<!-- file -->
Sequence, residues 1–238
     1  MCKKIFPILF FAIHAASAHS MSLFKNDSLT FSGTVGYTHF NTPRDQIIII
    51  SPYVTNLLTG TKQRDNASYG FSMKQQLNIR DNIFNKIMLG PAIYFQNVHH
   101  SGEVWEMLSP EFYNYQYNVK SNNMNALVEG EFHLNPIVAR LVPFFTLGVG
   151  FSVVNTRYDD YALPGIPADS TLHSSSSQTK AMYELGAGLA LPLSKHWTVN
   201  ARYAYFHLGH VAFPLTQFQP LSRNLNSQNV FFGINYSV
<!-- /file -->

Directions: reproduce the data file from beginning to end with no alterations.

Sequence, residues 1–238
     1  MCKKIFPILF FAIHAASAHS MSLFKNDSLT FSGTVGYTHF NTPRDQIIII
    51  SPYVTNLLTG TKQRDNASYG FSMKQQLNIR DNIFNKIMLG PAIYFQNVHH
   101  SGEVWEMLSP EFYNYQYNVK SNNMNALVEG EFHLNPIVAR LVPFFTLGVG
   151  FSVVNTRYDD YALPGIPADS TLHSSSSQTK AMYELGAGLA LPLSKHWTVN
   201  ARYAYFHLGH VAFPLTQFQP LSRNLNSQNV FFGINYSV